“…[A]s the legislative history of section 7054 makes clear, it was designed to avoid the use of public resources to perpetuate an incumbent candidate or his or her chosen successor, or to promote self-serving ballot initiatives, thereby compromising the integrity of the electoral process. The District contends that permitting employee organizations to use the mailboxes to endorse school board candidates will unfairly advantage those organizations and the candidates they endorse, because it allows them, but not other candidates and organizations, to use the mailboxes to communicate with teachers about these endorsements. We agree that this special access to an internal channel of communication to influence elections is a potential abuse that section 7054, and the Stanson [Stanson v. Mott, 1977] decision, were designed to guard against… [W]e conclude, consistent with the purpose of section 7054, that the broad term ?equipment—was intended to encompass mailboxes specially constructed at taxpayer expense to serve as a school‘s internal communication channel, which one group may not use to its exclusive political advantage….We emphasize the narrowness of the decision… We hold only that a rule prohibiting candidate endorsement literature in school mailboxes is a ?reasonable regulation—within the meaning of Government Code section 3543.1, subdivision (b) because it enforces the directive of section 7054.
California Court of Appeal Agrees Priority in Rehiring Should Extend to Full-time Employees with Less Seniority
Court upholds District in Terminating Teacher More Less Seniority Than Others
Cal. Teachers Assoc. v. Public Employ. Relations Bd.
[California Court of Appeal, 4th District]
1/5/09: The California Teachers Association (CTA) petitions for review of an order of the Public Employment Relations Board (PERB or the Board) which dismissed its own complaint against real party in interest Journey Charter School (Journey The complaint stemmed from CTA’s charge that Journey had violated the Educational Employment Relations Act (EERA) (Gov. Code, § 3540 et seq.), when it terminated the employment of three teachers: Stephanie Edwards, Paola Schouten and Marlene Nicholas. After an evidentiary hearing before an administrative law judge, and a review of his findings by the Board, PERB issued a decision dismissing the complaint. That dismissal was based upon the Boards factual conclusion the terminations had not been based upon the CTA unionization efforts, but were instead prompted solely by the letter sent to parent The Board then concluded the letter had not qualified as protected activity under the EERA, and thus the terminations were not actionable. CTA now argues (1) the evidence is insufficient to support the Boas factual determination that the teacher unionizing efforts with the CTA had not been the cause of their terminations; and (2) PERB erred in concluding the letter, which it believed was the cause, did not amount to protected conduct The Court of Appeal concluded the second claim has merit. PERB’s determination the teacher letter did not amount to protected activity cannot be reconciled with its own precedent cited in support of that determination, and thus its decision to dismiss the complaint was clearly erroneous. For the full decision, go to:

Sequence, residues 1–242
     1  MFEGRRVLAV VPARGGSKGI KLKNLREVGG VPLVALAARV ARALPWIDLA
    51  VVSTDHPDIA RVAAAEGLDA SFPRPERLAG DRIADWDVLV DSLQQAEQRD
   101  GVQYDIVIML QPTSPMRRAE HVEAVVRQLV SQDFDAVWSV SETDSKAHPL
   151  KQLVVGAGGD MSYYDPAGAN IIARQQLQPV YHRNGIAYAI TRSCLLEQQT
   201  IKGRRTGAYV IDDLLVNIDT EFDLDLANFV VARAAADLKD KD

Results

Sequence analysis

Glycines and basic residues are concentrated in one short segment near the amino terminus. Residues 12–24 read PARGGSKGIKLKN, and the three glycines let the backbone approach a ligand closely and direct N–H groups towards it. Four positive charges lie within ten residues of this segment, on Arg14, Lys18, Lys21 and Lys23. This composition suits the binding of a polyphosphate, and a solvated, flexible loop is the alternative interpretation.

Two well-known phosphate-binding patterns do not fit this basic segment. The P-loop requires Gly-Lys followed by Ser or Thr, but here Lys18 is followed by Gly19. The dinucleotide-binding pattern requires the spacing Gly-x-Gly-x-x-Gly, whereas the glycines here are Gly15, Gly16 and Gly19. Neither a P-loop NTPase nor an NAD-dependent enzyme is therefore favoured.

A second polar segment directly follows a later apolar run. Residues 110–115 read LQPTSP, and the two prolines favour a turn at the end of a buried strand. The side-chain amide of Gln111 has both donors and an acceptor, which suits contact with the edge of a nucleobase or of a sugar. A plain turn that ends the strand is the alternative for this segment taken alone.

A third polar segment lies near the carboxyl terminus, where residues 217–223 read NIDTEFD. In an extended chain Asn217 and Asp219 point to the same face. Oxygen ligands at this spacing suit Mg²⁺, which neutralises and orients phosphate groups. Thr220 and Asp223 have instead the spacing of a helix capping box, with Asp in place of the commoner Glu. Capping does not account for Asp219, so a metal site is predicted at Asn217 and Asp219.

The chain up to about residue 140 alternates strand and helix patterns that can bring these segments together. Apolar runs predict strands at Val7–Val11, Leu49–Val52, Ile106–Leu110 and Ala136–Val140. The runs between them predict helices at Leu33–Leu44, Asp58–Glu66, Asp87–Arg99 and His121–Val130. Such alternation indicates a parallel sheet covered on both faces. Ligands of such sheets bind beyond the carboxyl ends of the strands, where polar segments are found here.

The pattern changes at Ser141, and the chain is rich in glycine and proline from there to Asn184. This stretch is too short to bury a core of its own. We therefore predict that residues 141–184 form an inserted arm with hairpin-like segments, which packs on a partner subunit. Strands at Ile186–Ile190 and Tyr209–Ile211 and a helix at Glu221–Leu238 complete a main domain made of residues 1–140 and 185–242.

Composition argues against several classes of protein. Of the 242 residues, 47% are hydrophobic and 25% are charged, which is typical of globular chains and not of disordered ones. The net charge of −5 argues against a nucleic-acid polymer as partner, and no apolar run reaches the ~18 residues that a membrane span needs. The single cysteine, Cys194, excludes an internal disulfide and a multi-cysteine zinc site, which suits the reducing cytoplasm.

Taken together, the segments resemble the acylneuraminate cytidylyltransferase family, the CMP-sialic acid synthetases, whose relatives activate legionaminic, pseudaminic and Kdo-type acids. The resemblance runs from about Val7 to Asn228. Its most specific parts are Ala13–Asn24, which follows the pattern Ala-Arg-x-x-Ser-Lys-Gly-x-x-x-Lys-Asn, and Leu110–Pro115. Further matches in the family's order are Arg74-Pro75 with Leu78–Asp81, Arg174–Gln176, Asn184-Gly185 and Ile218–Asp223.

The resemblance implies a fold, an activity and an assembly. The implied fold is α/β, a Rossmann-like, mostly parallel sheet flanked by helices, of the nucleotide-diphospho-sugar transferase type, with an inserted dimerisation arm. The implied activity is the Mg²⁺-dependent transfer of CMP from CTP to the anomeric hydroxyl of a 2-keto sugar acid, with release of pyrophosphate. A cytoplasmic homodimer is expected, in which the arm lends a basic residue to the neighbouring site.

Rich Kitchens 4418 Water Oak Ct. Concord, CA. 94521 925-338-1858